“Understanding Shabbat Hagadol
(updated and revised from Tzav 5762-2002)

This week, we read the second parasha of the book of Leviticus, parashat Tzav. Because it immediately precedes Passover, this Shabbat is known as שַׁבַּת הַגָּדוֹל —Shabbat Hagadol, the great Shabbat. On this Shabbat, a special Haftarah from the prophet Malachi 3:4-24, is read.

While there is no universally agreed upon reason for calling the Shabbat that immediately precedes Passover, Shabbat Hagadol, the great Sabbath, there are many traditions explaining this distinguished appellation. Rabbi Abraham Chill in his comprehensive and erudite book, The Minhagim, which explains the customs and ceremonies of Judaism, their origins and rationale, offers several reasons for the name, Shabbat Hagadol.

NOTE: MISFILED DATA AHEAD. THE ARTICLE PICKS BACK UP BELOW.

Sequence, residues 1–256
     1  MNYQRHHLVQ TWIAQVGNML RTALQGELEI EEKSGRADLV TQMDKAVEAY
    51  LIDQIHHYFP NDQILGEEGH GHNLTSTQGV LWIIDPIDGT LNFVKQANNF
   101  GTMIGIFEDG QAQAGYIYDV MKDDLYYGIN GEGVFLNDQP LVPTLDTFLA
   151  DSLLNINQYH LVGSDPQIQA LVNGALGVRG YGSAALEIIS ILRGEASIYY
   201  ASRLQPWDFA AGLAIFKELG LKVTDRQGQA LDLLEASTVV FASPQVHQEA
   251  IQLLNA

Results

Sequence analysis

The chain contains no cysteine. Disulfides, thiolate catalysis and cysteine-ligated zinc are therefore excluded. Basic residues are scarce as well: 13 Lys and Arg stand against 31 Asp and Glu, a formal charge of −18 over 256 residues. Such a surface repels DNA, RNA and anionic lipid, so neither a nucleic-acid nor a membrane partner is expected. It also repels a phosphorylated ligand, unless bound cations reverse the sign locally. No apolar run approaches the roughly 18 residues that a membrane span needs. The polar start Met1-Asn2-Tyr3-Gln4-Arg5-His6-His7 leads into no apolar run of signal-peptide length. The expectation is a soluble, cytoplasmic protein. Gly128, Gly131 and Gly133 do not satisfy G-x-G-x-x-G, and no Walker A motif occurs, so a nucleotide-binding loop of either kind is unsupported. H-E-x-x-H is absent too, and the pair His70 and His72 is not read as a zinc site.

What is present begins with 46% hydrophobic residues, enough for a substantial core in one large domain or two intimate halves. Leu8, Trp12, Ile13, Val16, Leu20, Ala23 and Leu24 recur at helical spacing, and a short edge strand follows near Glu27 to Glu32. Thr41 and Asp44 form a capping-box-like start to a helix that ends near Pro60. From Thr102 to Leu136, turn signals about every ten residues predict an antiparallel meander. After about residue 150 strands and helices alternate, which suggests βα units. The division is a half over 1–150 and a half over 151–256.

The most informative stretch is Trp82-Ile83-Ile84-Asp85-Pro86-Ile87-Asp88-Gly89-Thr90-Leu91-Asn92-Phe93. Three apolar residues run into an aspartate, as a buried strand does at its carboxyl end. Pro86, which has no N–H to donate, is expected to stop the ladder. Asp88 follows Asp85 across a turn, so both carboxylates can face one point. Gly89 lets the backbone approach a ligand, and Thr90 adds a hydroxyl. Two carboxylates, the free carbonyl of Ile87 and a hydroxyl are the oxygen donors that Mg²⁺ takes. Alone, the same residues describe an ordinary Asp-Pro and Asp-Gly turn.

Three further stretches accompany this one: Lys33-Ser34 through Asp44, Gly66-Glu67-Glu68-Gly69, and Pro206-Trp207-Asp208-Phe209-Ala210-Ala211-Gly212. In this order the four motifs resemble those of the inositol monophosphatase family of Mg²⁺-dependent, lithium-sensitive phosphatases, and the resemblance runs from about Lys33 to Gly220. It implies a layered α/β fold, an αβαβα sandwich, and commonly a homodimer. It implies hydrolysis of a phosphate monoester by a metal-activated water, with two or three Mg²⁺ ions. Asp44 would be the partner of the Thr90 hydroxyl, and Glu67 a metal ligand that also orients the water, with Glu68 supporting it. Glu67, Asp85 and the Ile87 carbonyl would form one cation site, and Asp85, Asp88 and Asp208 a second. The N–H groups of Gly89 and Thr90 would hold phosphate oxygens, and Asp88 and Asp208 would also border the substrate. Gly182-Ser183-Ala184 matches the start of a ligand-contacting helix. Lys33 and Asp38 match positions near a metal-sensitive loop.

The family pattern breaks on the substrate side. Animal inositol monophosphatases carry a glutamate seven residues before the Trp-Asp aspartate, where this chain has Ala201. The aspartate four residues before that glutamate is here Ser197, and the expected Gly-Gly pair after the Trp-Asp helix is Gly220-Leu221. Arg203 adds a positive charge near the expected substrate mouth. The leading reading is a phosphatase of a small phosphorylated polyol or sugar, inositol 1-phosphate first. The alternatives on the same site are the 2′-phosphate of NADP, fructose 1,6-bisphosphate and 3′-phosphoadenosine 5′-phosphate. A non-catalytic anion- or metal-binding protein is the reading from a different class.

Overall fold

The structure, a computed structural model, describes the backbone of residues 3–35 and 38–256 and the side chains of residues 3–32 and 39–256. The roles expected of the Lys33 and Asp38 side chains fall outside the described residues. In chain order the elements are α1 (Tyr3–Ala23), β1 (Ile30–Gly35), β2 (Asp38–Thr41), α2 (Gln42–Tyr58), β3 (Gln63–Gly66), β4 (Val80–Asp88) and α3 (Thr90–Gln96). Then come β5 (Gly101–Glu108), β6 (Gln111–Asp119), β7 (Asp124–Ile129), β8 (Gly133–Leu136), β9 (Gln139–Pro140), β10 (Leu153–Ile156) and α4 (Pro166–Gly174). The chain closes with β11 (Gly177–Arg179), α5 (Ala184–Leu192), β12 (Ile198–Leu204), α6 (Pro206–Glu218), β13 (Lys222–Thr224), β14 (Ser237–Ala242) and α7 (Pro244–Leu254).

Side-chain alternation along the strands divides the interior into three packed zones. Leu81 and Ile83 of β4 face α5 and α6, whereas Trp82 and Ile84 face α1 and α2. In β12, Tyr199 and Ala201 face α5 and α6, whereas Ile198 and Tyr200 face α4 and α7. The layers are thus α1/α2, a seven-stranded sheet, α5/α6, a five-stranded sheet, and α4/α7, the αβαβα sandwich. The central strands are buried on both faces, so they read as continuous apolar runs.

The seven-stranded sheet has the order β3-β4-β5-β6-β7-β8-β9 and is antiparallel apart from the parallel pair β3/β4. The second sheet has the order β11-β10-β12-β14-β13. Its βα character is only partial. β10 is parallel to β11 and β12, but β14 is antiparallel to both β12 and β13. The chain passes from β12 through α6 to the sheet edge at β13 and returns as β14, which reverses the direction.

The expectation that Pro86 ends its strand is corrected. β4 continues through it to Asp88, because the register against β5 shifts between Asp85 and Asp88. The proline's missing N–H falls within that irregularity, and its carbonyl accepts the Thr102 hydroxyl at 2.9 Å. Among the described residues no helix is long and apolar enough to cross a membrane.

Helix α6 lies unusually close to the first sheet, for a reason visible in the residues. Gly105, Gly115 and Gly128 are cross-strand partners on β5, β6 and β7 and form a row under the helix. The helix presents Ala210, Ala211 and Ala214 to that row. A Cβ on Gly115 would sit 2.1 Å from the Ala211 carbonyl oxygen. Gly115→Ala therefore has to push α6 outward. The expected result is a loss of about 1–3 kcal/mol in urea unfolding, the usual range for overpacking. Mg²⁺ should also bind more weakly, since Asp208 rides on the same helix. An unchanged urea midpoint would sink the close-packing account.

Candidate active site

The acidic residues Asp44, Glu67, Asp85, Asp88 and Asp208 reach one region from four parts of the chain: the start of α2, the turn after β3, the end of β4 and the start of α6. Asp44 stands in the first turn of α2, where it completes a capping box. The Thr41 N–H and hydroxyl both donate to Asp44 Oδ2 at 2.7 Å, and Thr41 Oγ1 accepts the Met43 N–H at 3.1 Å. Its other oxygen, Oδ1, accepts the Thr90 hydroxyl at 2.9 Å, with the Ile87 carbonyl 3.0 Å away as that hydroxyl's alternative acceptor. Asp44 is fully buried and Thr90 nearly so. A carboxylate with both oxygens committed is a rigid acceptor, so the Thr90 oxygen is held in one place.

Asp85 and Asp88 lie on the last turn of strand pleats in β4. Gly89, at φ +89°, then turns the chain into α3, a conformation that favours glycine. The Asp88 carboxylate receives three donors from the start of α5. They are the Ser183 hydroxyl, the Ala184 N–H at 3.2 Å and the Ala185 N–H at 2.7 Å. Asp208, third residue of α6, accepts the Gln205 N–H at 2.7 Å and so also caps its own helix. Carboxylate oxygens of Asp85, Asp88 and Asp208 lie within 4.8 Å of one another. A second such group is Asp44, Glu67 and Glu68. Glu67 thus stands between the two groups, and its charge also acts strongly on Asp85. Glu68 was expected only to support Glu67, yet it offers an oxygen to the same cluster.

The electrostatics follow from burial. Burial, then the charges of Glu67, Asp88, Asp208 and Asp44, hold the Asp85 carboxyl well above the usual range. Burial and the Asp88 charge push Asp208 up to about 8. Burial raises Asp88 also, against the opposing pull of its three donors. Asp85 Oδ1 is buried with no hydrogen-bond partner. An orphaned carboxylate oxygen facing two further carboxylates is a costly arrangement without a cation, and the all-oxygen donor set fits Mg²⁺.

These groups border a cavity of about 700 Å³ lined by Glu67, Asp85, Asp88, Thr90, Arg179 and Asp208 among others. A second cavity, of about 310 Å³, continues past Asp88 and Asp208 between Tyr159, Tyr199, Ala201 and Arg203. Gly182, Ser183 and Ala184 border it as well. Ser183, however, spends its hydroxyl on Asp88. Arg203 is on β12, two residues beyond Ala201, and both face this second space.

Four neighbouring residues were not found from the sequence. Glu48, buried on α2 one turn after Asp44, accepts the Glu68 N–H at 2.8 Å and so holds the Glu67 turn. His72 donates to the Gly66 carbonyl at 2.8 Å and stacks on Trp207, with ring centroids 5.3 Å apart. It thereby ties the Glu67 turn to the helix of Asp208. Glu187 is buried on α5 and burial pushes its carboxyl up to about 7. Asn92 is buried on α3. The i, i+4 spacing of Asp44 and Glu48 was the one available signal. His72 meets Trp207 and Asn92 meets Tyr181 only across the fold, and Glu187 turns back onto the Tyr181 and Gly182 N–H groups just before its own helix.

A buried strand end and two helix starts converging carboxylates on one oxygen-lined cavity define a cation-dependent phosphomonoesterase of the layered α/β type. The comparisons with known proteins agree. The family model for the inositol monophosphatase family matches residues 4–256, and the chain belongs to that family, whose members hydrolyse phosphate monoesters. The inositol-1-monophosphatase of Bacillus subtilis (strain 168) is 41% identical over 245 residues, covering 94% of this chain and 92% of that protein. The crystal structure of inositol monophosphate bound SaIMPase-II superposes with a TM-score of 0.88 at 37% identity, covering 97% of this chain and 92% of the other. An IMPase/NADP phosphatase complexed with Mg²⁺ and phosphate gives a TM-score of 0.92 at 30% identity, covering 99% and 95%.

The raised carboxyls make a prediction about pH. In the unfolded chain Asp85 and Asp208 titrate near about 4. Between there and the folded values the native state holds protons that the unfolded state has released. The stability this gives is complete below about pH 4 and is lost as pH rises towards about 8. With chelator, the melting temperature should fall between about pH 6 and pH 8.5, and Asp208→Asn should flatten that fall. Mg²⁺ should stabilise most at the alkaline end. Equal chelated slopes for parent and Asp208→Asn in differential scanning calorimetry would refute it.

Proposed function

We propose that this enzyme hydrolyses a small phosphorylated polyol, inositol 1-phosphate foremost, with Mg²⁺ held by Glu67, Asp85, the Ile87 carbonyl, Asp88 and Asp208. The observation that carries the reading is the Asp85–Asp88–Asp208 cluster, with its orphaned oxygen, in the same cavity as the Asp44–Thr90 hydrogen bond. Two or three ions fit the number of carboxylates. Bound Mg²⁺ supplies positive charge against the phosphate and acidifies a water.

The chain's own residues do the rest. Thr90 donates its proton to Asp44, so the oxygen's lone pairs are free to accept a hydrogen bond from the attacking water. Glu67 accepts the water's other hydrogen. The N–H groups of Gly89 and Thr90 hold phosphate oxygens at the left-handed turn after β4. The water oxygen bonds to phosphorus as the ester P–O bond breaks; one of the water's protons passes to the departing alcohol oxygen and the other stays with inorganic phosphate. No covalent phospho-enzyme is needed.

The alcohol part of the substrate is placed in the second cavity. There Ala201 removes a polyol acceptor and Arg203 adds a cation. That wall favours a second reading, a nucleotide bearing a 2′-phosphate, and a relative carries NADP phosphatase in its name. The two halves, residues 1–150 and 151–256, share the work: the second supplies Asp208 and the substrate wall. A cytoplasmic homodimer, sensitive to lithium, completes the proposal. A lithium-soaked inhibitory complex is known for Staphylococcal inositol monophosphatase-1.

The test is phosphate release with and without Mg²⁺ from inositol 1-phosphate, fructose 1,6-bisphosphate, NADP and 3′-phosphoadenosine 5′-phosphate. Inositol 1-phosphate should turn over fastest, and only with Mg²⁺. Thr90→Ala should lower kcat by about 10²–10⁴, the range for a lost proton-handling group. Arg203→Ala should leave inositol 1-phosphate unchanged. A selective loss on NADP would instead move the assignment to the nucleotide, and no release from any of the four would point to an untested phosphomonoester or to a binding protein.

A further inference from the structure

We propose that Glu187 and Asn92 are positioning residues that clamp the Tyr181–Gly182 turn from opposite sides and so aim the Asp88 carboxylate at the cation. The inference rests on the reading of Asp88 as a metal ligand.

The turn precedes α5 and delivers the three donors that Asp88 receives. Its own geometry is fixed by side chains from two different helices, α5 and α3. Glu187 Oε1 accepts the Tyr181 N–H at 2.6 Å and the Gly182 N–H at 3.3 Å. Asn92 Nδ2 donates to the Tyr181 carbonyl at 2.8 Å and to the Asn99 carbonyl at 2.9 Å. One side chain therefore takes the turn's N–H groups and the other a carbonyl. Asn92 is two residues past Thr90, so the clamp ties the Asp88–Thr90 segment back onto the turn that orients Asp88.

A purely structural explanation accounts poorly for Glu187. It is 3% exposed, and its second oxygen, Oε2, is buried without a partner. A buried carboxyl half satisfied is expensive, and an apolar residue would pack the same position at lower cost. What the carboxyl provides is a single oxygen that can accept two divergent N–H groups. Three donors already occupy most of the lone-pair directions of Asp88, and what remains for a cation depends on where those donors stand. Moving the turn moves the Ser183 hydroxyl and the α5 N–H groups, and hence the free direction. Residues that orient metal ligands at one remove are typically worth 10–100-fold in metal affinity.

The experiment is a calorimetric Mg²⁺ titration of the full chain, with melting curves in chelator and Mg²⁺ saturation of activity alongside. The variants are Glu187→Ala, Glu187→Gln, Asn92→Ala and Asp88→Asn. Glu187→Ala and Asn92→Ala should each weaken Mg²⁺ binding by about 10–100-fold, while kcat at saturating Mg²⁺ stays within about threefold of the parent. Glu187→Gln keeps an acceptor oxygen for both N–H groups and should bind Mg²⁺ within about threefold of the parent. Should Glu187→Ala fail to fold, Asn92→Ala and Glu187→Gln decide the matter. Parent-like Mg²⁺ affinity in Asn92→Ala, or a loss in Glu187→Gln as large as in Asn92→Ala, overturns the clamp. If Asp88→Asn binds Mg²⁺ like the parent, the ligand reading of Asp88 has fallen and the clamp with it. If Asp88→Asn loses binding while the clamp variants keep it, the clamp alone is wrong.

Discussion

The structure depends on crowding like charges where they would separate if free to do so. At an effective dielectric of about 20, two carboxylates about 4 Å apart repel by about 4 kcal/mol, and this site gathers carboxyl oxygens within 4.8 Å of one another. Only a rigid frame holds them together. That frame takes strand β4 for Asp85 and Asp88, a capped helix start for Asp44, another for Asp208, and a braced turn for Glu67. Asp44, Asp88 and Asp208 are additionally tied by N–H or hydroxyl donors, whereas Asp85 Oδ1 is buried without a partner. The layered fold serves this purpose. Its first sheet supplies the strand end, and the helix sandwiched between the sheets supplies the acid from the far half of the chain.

One of the reasons for the name recorded by Rabbi Chill is that tradition maintains that the tenth of Nissan of the year of the Exodus was a Shabbat. It was on that day that, as recorded in Exodus 12, that the Al-mighty called upon the Jews to take a sheep to their homes and keep it there until the 14th of Nissan, at which time they were to slaughter it and prepare it for the Pascal sacrifice.

This act of taking the sheep on the part of the enslaved Hebrews, was not at all a simple act. It was, in effect, a brazen act of defiance. After all, the Egyptians worshiped sheep as their G-d. The timorous Hebrew slaves, were thus bidden to take the sheep, in defiance of their masters, in defiance of the entire theology of Egypt, and slaughter it before the Egyptians’ eyes. Hence, the Sabbath is called Shabbat Hagadol, the great Sabbath, because it was on this Shabbat that the Jews expressed their open defiance and declared their independence.